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road to rock stardom

(A Funny Thing Happened On) The Road To Rock Stardom: Daren Fleming
by Tammy Moore

If you read this issue’s cover story, and I suggest you do, you will discover that I had the pleasure of going on the road for a day with indie artist, Kevin Fowler and his band of new breed of country outlaws. It was a typical day for them, but for me, it was poetry in motion as I watched the road warriors work their tails off as they do every day, every show. As if it were buried treasure, I discovered some secrets to succeeding in this business of music that day. Read the story if you want to know what they are, but suffice to say that when I said goodbye to the renegade crew at the end of our journey, I felt like I had been given an amazing gift…the gift of knowledge.

The Kevin Fowler band is poised for superstardom. They have defied the odds, broken the rules, refused to compromise, and have risen to a level of success that rivals what many major-label acts have secured. They play to crowds of thousands and pocket the door receipts and merchandise. They own their own tour bus that is on par with any that are out there today with its black leather couches, twelve bunks equipped with televisions in each, satellite stations, state of the art stereo equipment, and one crusty bus driver named Mike who keeps them all in line. The irony, though, is that there is no label support here. Although they are in the final stages of drafting their first recording deal with Clint Blacks’ new Equity Records, they have acquired everything they have now, including a fan base of thousands, on their own. The entire Fowler organization is impressive, and they are where they are today due, in large part, to the ruthless touring they have done for the last five years in support of their four records.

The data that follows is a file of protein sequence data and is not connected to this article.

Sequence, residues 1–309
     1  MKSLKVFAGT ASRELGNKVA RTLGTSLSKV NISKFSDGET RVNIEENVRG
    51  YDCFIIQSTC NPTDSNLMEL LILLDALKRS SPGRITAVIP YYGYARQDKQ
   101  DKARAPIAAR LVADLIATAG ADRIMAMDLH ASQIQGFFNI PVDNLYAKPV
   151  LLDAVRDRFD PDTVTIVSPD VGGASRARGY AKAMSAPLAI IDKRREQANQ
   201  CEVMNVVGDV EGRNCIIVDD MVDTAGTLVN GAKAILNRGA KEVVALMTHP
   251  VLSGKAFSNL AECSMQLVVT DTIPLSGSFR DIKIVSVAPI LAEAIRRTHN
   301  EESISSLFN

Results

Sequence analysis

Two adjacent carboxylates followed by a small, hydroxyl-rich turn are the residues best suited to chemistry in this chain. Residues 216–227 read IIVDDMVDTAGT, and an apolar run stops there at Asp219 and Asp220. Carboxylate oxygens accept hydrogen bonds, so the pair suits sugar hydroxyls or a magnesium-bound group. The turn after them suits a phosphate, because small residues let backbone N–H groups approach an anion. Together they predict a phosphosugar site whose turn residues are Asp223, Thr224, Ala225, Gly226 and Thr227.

After meeting the man that corrals the band that day, I decided he would be the perfect subject for this issue’s “Road to Rock Stardom.” His name is Daren Fleming, and he works as Road Manager/Sound Engineer for the Fowler band. He oversees everything, and after witnessing it first-hand, I can assure you there is much to keep track of on the level of their playing field. Fleming does it seemingly effortlessly though, and you can tell that the band and crew both trust and respect him. He has earned those feelings with them over the years with the level of dedication he has worked with since he recorded and produced the first Fowler record, One for the Road.

Born and raised in Amarillo, Texas, this middle child of Howard and Sue Fleming remembers vividly the time that music claimed him. His father always listened to music, and one day a song called “Hello, Goodbye” came on the radio. When the DJ announced that it was a Beatles song, Fleming remembered that he had seen a box of old records in their home. He found them, and it turned out that his parents owned all but a couple of the entire Beatles collection. He turned on the record player and listened to every one of them from start to finish. He claims he has not recovered to this day. He was mesmerized by the music, and not just the songs, the sound of the recordings. The next band to blow him away was Led Zepplin, and from there he got pulled into the world of heavy metal when bands like Judas Priest, Iron Maiden, and Queensryche emerged.